Art. LXX.—Old Huts at Dusky Sound.
[Read before the Wellington Philosophical Society, 14th March, 1899.]
Just a gossip about some old huts here which I only found a few days ago. It may be well known that there was an old pa here, but I never heard of it.
The site of the villages was on the sunny side of Luncheon
Cove, on the slopes of a little valley, where every floor needed levelling out, so that they are now easily seen, though all else-has nearly disappeared. The wreck people may have lived there, and the sealers evidently built a few huts, for the “pungas,” or fern-tree stems, were cut with wide, sharp axes; but long before that every desirable site in the cove and on the neighbouring islands was occupied by little huts-about 8 ft. long and 6 ft. wide, and in one spot I think there was a big place, but this and all the little floors are now thinly grown over with fern-trees from 6 ft. to 12 ft. high, and also a. dense growth of young trees, so that I had anchored several times in the cove and did not know that there was subject for so much interest within a stone's throw.
The sealers' huts are now mounds of “pungas,” very useful in showing stages in the decay of such material, which is wonderfully slow—so slow that some of these huts, which were a good size, may have been built by Mr. Reven's men, who came here in the “Britannia” in 1872, and started to-build their little vessel there (perhaps), because it was the nearest cove to the seals.
All the good firewood has been long ago cut down, and only a few red-pines are left standing. On one of these the date 1882 was chopped with an axe, and still looks quite fresh; but on the other was a very old mark, the common sailor's signature of the last century—X. I suppose the poor fellow did his best, and that the date was too much for him—partly our loss.
I had no spade, and got no certain evidence of the presence of Maoris, but there is no doubt about the great age, for a rata-tree 1 ft. thick had grown on one of the floors, and was cut down by the early sealers. It is the only possible place for women and children to live in the sound, because there are few or no sandflies there, and it is sunny, perfectly sheltered—the most beautiful little harbour you could imagine, and mild because of the warm sea-current, which is often 55° on a frosty morning up at our place. So we may be sure the Maoris did live there for centuries, when the sea was swarming with seals, which, had secret breeding-places then; and, when a boat's crew could get a hundred a day, the Maori could get plenty of the best of clothes, and, to his taste, delicious food also, abundance of fish in the smooth water, penguins in season and their eggs, and mutton-birds on some of the islands, so that we might expect the presence of a pa there. But why did not Cook see it? He was in there, and marked the cove nicely on his map (a copy of which Mrs. Hocken gave me), which none of the other map-makers have done or even made a decent attempt at. If, however, there was a fringe of trees round the water, and the natives, aware of his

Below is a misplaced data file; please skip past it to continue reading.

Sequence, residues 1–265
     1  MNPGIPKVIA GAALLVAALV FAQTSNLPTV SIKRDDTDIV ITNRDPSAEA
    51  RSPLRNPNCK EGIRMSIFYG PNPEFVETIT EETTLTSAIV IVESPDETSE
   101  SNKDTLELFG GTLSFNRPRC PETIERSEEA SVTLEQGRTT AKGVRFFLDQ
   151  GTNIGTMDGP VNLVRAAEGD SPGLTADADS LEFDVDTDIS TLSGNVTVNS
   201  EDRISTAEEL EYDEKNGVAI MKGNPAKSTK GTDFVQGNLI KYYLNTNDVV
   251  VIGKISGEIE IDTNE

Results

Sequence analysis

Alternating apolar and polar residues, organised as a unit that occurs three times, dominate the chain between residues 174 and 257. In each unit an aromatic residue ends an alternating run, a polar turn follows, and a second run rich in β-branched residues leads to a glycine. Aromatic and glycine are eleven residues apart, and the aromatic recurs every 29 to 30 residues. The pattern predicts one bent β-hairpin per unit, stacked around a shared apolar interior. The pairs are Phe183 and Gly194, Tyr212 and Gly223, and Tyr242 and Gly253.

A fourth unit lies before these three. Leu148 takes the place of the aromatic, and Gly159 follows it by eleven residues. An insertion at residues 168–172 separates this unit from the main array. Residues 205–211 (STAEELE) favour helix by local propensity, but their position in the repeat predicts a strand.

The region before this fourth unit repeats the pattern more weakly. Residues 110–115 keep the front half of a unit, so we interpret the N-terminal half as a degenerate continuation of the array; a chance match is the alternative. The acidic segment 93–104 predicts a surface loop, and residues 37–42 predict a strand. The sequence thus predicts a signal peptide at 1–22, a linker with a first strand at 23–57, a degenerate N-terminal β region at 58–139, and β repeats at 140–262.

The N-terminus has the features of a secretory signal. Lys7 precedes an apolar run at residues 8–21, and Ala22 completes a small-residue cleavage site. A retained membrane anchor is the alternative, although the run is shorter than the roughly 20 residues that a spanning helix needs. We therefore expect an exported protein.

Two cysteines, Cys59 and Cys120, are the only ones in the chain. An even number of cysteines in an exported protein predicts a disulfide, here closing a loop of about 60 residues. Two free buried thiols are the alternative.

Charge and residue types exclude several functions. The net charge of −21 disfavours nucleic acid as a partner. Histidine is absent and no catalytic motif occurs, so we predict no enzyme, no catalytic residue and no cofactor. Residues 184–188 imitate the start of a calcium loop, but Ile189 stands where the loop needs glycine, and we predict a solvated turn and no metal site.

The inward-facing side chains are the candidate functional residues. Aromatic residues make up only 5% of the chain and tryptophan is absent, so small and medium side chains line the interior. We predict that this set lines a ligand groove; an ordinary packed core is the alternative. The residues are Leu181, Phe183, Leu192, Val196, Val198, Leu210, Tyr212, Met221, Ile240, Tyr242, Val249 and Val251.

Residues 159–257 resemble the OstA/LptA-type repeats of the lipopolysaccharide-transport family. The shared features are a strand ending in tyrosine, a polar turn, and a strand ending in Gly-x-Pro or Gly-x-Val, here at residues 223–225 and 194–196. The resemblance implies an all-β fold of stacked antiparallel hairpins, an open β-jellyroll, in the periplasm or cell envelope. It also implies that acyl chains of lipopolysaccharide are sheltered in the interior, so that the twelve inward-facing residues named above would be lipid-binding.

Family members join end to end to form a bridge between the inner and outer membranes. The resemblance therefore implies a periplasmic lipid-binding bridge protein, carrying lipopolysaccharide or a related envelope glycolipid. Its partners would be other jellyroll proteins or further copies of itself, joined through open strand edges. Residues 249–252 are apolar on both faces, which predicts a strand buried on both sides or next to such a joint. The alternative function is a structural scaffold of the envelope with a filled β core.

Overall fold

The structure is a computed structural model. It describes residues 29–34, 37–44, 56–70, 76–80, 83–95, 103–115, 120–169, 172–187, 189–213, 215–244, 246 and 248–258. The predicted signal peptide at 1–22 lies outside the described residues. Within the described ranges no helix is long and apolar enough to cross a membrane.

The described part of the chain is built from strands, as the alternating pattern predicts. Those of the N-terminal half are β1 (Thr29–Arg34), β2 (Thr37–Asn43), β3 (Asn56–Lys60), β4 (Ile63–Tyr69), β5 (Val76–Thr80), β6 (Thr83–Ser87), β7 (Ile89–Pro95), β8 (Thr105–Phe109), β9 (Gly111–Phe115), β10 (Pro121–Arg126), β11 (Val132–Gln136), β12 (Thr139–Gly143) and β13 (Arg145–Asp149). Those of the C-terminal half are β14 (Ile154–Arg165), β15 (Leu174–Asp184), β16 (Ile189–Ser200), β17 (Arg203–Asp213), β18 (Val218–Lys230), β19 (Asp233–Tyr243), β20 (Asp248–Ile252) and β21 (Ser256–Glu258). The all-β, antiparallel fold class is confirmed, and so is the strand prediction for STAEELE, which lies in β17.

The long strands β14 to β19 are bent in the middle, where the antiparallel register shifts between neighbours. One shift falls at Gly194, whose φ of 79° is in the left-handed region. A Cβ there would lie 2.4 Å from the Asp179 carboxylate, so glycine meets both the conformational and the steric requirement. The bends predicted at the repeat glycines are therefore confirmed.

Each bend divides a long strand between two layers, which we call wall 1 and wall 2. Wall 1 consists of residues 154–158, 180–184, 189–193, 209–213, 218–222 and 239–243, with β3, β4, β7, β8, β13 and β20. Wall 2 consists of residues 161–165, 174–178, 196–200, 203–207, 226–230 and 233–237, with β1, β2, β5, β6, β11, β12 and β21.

presence, put out fires and laid low, he might have missed seeing the village, if he only put in to the first creek for lunch on his way out round the island.
I stayed several days, for the dim traces were of great, interest. I could distinctly trace the pathways worn out of the hillside, and in one place a piece going up hill was corduroyed with the durable “pungas,” just barely preserved well enough to give an idea of their origin. In another some rude fellow had built his hut in the natural path, and every one had to go up hill a little to get past it, for the place was crowded with huts, and on many are little mounds of decayed “pungas” grown over with scrub and fern-trees.